You start by creating an Azure SignalR Service resource in the Azure portal. This is where you’ll name your service, choose resource groups and locations, as well as assigning it to a subscription. Two pricing options are available: free and standard.

The free option is best suited for test and development or for applications that are intended to support a limited number of connections, with support for a single unit with 20 concurrent connections and a limit of 20,000 messages a day. The standard service costs $0.0335 per unit per hour, with as many as 1,000 connections per unit and 1 million messages. You can also scale up to 100 units. Once deployed, you find keys and connection strings in your Azure portal’s SignalR Service settings.

Using SignalR for persistent output connections for serverless applications

Adding SignalR support to Azure Functions gives you a way of adding persistent output to code that only runs when triggered. Instead of having to write code to poll a function for output, or to scan for changes to data that’s managed by a function, you simply receive and process a message that’s handled by Azure SignalR operating as a messaging hub.

To use the service from a function, you need to bind it to your function’s output. At the same time, you also need an input binding to handle connection information from the service. These can take advantage of the REST APIs Microsoft has added to the Azure SignalR Service, which make it accessible from any language with REST support.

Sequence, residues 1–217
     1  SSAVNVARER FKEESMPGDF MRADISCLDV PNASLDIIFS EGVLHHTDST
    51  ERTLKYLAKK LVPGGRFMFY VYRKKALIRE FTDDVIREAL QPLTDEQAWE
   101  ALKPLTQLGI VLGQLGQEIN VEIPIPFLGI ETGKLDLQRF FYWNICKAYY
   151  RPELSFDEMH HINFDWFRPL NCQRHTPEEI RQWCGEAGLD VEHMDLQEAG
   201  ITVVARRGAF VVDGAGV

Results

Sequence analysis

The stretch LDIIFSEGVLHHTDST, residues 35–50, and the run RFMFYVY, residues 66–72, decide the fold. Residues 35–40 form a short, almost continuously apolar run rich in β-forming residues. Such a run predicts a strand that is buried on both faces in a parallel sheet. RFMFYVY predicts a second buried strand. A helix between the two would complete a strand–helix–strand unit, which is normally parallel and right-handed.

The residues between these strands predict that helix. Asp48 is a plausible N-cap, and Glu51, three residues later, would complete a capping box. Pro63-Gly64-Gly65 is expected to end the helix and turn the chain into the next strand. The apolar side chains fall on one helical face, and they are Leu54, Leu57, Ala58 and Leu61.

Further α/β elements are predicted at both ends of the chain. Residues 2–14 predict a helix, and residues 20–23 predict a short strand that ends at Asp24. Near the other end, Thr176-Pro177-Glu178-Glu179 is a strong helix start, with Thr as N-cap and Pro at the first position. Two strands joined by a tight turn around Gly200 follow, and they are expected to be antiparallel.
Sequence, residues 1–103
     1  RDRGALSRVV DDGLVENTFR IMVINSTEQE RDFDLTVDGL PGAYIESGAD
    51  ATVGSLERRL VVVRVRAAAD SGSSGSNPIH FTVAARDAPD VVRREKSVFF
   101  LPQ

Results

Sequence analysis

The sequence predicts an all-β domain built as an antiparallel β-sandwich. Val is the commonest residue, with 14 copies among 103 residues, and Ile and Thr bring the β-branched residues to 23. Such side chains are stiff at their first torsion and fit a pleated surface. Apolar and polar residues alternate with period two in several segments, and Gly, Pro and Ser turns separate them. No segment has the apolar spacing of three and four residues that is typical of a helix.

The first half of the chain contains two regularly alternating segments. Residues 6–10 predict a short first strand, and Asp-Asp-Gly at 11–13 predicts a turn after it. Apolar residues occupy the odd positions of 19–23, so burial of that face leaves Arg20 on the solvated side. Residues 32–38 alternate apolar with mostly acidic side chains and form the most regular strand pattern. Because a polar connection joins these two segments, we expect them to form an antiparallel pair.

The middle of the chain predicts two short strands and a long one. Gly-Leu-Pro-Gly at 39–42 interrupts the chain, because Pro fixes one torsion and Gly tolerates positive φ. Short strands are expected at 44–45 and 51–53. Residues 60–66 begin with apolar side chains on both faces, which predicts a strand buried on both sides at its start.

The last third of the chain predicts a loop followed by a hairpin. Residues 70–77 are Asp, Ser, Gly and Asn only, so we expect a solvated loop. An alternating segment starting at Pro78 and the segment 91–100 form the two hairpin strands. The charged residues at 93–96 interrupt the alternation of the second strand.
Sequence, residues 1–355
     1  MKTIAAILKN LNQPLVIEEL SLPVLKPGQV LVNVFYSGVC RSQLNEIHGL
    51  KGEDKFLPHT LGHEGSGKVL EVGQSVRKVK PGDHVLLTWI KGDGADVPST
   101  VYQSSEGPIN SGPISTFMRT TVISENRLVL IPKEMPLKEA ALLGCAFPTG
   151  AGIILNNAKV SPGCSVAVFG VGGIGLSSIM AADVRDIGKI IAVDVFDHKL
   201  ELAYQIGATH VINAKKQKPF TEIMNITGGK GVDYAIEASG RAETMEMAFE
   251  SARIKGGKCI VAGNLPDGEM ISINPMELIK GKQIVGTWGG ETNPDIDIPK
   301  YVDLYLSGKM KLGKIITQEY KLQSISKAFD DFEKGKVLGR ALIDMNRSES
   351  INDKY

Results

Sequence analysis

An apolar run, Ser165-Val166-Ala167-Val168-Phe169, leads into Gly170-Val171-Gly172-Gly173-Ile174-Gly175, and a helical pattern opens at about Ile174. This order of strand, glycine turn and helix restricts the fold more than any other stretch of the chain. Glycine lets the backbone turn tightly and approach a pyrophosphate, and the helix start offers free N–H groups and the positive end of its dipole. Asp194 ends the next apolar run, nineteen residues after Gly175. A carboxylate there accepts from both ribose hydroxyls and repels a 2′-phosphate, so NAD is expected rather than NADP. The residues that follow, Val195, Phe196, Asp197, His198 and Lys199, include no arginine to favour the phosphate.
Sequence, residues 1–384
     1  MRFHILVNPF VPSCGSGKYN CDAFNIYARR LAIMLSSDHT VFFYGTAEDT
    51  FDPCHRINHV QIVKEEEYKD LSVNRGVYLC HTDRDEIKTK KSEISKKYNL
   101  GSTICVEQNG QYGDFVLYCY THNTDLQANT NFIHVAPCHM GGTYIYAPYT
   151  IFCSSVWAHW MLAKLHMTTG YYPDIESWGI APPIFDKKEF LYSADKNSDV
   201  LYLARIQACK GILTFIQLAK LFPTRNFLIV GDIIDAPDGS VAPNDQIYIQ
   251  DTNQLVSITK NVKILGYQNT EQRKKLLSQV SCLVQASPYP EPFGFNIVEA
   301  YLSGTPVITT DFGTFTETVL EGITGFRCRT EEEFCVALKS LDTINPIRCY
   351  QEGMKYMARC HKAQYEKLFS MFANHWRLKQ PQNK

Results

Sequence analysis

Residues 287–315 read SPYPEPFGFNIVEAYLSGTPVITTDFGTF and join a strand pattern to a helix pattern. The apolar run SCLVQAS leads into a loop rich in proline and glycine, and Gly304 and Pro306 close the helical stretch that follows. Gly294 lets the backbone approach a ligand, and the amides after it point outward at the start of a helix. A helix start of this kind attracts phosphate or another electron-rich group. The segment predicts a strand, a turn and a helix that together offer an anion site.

SignalR and REST

Currently there are two versions of the API, 1.0 beta and 1.0. Because the beta release supports deprecated APIs that aren’t supported in Version 1.0, it’s best to support only Version 1.0 in your code. This gives you APIs for broadcasting to all connected clients, to a subset group, or to a single user, as well as adding and removing users from groups. In practice, you’re most likely to be sending messages to all clients, using SignalR as a one-way broadcast protocol.

Accessing the SignalR Service APIs over REST requires each header to have a JSON web token, which you generate using your connection string. You also need to confirm its audience (usually your request URL) and the expiry of the token.

Once you’ve set up your function and any SignalR endpoints, triggers are reflected in changes at connected clients. So, for example, if you’re using a function to monitor a Cosmos DB database for specific changes, those changes are displayed in a client dashboard as soon as they’re detected by the function. Because you pay for compute time in seconds—and for most low-volume applications you’re able to stay in the SignalR Service free tier—you should be able to build and run monitoring services in Azure for very little money.

Not every application is suitable for SignalR, but where you need real-time information, it’s worth considering. Most message brokers run as queues, and are designed for reliable messaging operations. By operating as a hub reflecting rapidly changing data, SignalR avoids latenc, while still appearing to clients as a persistent endpoint. It’s a combination that makes it worth considering as part of any large-scale serverless application model.